Why I make students Deliberately Stall Aircraft
The stall is a greatly misunderstood and feared aspect of flying. Not just by student pilots, but also by surprisingly experienced ones. I recently read an article that pretty much said that stalls were dangerous, and because airline pilots didn’t do them, then there was no reason for General Aviation pilots to learn them. Therefore we would all be safer, happy little Vegemites, never straying away from the straight and level magenta line on our GPS. By that rationale, then we should never practise complete loss of thrust after takeoff emergencies, accidental penetration into IFR, or emergency diversions due running out of coffee.
Why I make students stall aircraft
Of course I disagree with the above, and I strongly advocate stall training, and regular stall practise, in pretty much all types of civilian General Aviation aircraft. I’m also big on preparing for such practise by researching and study – especially of the aircraft manual, to check on the limits, prohibitions, and techniques associated with this. Some aircraft may have strict Centre of Gravity limits, unconventional stall cues and even recoveries, and perhaps may have a total ban on intentional stalling; so you must check the data.
Airline pilots do not practise stalling or spinning, because of aircraft (and company) limitations. Swept wing aerodynamics and T-tails and strange power/pitch coupling often necessitate specialist systems such as stick shakers, warning horns and stick pushers to fully protect the crew and passengers from entering that ‘danger zone’. At high altitude where the fuel efficiency is best, the safe envelope to fly in (between Low Speed Buffet and High Speed Buffet) can easily be within 20 KIAS. That’s not the best place to venture into amateur test piloting.
Why practice stalling an aircraft?
So why practise stalling? Your aircraft can stall, and no amount of reading or watching youtube videos can help prepare you for the unexpected stall. The day that you stall your aircraft, without expecting it, I can guarantee that you will be surprised – perhaps even shocked, and possibly even be in denial. To increase the likelihood of you recovering correctly and quickly, then you must become experienced at deliberately stalling (and then recovering) from such events – until it is second nature.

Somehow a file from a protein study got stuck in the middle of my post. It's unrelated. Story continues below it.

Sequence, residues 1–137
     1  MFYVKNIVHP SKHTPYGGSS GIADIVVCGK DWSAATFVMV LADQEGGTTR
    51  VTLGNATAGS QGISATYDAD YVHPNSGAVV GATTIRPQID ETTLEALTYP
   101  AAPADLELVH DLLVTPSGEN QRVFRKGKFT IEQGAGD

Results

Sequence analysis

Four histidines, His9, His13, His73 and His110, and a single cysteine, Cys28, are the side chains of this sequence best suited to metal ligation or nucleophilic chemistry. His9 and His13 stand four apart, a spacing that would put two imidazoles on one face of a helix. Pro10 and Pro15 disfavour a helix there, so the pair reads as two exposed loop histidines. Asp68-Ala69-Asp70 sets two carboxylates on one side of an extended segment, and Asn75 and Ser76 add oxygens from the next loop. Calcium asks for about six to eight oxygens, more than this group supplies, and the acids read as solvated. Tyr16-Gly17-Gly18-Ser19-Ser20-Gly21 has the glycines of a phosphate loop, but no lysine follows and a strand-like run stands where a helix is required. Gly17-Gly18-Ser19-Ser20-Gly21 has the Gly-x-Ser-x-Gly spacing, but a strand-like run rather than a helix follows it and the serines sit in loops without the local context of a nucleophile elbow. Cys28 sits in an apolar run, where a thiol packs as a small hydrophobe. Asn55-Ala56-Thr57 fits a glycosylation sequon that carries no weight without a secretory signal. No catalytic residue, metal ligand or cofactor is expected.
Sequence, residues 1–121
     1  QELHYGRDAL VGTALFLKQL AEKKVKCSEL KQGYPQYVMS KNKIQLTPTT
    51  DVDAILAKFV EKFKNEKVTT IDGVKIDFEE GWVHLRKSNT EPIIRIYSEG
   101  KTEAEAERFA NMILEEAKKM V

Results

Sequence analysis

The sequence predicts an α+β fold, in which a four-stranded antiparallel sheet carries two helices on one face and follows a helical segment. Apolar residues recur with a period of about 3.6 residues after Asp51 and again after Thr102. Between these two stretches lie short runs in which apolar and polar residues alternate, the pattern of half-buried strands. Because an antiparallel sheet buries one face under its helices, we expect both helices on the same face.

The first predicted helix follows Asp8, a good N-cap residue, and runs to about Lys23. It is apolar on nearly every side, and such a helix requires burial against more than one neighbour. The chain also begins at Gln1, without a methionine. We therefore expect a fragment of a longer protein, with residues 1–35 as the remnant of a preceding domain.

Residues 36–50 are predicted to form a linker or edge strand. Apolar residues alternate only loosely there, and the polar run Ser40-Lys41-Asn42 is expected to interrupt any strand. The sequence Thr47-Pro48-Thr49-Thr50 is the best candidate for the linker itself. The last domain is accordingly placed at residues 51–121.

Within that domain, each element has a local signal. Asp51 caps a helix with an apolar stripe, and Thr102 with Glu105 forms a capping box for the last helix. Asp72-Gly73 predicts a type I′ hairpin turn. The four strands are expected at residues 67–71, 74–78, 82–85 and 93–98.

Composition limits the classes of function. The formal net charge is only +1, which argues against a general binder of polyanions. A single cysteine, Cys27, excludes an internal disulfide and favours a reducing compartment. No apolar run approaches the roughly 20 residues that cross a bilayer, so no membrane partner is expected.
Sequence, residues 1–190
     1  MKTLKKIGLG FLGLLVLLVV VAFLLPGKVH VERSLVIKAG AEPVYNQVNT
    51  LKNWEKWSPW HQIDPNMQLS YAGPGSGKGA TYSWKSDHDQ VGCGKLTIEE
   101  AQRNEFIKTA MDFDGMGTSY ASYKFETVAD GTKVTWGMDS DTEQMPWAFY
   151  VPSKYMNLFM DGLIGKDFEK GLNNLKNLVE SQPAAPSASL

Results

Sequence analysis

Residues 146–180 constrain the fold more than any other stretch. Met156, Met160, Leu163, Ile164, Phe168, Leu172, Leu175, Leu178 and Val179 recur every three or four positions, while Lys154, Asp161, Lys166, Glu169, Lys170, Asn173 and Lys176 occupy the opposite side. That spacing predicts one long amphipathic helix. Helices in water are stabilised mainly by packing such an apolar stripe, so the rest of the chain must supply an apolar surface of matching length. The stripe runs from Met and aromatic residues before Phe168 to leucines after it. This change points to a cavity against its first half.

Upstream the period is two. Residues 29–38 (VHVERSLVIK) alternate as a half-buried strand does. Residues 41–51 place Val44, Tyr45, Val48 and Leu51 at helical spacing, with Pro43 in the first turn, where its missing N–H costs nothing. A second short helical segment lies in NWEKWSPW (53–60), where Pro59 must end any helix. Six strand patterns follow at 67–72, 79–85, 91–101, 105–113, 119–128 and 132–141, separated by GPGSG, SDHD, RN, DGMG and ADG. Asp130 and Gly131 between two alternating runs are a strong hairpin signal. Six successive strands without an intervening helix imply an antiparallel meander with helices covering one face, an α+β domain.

How to deliberately stall an aircraft
Now we probably all remember that we are taught to stall by pulling the engine power back to idle, slowing down, raising the nose, and hearing the instructor calmly saying “note the high nose attitude,slow speed, sloppy controls…” and maybe you even heard the sickly strangled sparrow screaming the “stawwwwwl…” warning, before you recovered. What if I told you that you probably didn’t even stall yet? What if I told you that “raising the dropped wing with rudder” was incorrect? What if I told you that when you do stall unintentionally, that maybe NONE of those instructor descriptions may occur at all? That’s right, you may be nose low, with power applied, with firm responsive controls, 20 knots above that golden stall speed, and you might not even hear that weird stall horn – and that aircraft suddenly stops flying. Headed for the planet, with trees getting bigger, and the control column pulled back into your belly – will be the instinctive, incorrect, and last thing you will ever do.
Fighter pilots and experienced aerobatic pilots are less likely to fear the stall. They live on the stall for fun and efficiency, and often pull through it to win dogfights and competitions. The aerobatic diehards will even push hard enough to stall the aircraft under negative G (fighter pilots don’t like to mess up their hair, so they tend to roll fast and pull even harder). My point is, they practise often, and they soon learn to ‘feel’ the approaching stall, regardless of their attitude, speed or power.
My recommendation is to find an instructor well versed in aerobatics or air combat, and get them to explain the stall to you. They should cover the STALL STICK POSITION, ANGLE OF ATTACK, INCREASE/DECREASE IN STALL SPEEDS, G-FORCES, SLIPPING, SKIDDING, WING DROP, and of course the RECOVERY ACTIONS associated with your aircraft. Then you should fly together, get some safe height (normally sufficient to recover above 3000 feet from the ground), and experience all kinds of stalling. Yes, the old power off, nose high, slow speed classic is a must. But also trying full power climbing stalls, steep turn stalls, descending glide turn stalls, cross controlled stalls, and short field landing configuration stalls. I’m sure there are more combinations, but in reality the basics of recovery are pretty much the same – but you need to experience and recognise all of these scenarios.
When you pull too hard on the controls and exceed the AOA, the aircraft can stall at ANY airspeed. The stick position for the aerodynamic stall pretty much remains the same. The most effective immediate action to avoiding the stall is to reduce the AOA by relaxing the back pressure on the stick and centralising the controls. Think stick position, and know when to reduce it!
To help protect yourself from stalling you should also chair fly and visualize standard stall recoveries, incipient stall recoveries, and incipient and fully developed spin recovery. For those conducting aerobatics or intentionally departing from controlled flight with an instructor, a good quality headset that won’t fly off your head or a proper fitting flight helmet is a must.